I will never forget the day I started reading my economics textbook and the terms "supply" and "demand" began to make sense to me! I was understanding the words...I was understanding the content! I was learning!
I must have finished my economics book in a day or two. I started passing my classes and earning the required credits for graduation. I was so focused on school work that didn't care much about "Senior's field trip" or "prom". To be honest, I didn't know how important these events were. All I wanted was to get my credits, and pass required assessments to graduate! I have learned how important and necessary a high school diploma was to be able to go to college. I wanted to go college! I wanted to be the first in my family to obtain a career! I wanted to be a teacher! I wanted to make a difference! I had the vigor, so I knew I could do it. What you can't see in the graduation image above is the excitement I felt getting my graduation pictures done with my cap and gown!
The Walk of Shame
During my senior year, I was required to take some standardized state assessments. I don't remember exactly which ones I had to take, but the one I will never forget is the United States History State Exam. I was not prepared for this exam. I have not taken enough classes to learn the required information to pass the test. I had only been in the United States for 2+ years to know its history. However, this standardized exam and every other exam were required no matter what. So I took the exam...not once, but twice. First time in English and failed. Second time in Spanish but failed.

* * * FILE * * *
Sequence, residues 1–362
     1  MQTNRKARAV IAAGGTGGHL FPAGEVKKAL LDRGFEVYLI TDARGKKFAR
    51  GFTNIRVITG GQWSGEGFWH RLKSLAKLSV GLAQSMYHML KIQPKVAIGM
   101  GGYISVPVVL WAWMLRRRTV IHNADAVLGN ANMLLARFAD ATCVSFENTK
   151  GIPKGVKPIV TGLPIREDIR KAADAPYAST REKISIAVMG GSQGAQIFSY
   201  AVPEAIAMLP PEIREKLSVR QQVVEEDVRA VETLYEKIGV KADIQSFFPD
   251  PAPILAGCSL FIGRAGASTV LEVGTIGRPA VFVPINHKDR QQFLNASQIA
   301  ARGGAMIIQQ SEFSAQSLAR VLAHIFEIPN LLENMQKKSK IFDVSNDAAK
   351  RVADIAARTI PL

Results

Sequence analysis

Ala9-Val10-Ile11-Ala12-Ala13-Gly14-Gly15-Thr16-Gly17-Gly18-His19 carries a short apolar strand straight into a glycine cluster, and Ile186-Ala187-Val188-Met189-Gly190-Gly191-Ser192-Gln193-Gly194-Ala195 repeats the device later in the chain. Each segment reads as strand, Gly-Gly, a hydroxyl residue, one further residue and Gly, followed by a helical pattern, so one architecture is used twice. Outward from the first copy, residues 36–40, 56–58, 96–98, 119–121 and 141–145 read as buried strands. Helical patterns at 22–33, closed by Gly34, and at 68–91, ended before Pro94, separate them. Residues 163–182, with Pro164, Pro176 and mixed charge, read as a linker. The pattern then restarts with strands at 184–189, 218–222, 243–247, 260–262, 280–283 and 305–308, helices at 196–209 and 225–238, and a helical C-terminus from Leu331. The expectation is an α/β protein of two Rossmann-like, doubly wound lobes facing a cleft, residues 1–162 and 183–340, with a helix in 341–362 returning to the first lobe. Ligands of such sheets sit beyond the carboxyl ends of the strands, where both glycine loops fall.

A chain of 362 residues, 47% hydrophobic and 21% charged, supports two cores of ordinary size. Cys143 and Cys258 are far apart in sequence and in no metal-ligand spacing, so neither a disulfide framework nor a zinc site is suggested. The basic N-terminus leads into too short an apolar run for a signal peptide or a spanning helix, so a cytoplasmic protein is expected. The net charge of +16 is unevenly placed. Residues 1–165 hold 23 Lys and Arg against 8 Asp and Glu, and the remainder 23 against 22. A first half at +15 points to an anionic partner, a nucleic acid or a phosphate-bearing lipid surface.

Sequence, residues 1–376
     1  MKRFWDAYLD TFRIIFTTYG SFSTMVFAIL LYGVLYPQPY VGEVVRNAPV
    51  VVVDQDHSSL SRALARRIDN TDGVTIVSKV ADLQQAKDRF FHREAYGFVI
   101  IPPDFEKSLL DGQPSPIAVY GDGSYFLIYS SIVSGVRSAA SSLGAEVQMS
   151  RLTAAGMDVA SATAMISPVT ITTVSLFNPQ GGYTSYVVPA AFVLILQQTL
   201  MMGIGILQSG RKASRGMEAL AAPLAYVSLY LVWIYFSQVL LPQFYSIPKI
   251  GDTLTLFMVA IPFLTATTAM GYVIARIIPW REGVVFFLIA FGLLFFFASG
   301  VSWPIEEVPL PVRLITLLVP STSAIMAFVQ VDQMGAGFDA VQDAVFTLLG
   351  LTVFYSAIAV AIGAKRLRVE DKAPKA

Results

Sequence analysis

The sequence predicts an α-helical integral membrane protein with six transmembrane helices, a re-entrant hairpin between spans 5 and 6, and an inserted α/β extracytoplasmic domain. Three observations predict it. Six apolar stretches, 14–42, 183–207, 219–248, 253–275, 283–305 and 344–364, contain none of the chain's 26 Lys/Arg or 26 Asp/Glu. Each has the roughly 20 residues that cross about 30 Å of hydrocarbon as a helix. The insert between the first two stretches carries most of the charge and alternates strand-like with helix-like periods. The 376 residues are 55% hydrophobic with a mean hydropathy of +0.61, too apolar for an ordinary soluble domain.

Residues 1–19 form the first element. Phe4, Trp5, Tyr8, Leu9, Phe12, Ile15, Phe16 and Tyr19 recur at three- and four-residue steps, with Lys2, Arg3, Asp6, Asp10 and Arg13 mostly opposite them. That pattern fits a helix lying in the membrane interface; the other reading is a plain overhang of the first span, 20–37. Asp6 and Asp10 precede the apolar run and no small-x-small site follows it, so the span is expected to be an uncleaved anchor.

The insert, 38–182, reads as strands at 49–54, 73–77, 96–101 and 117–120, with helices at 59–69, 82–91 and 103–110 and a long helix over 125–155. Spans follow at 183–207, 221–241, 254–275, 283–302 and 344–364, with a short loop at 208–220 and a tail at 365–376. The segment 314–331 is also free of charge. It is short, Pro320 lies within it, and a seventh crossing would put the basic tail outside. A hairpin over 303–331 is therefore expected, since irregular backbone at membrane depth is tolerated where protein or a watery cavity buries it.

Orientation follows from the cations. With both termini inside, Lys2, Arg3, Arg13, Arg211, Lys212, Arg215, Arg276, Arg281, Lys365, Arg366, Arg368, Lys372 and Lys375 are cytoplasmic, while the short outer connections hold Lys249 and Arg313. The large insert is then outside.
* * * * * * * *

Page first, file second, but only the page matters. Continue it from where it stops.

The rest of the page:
I was called into the guidance counselor's office to chat with a guidance counselor who kindly explained to me that passing the U.S. History exam was a requirement for graduation and without it, I was NOT going to be able to graduate. She said, "You have all your required credits for graduation so you don't have to continue in school."; "Go home, study, and come back next year to take the test again. Once you pass, you'll get your diploma."
"Go home"; "Study"; "Come back next year"; "You're done"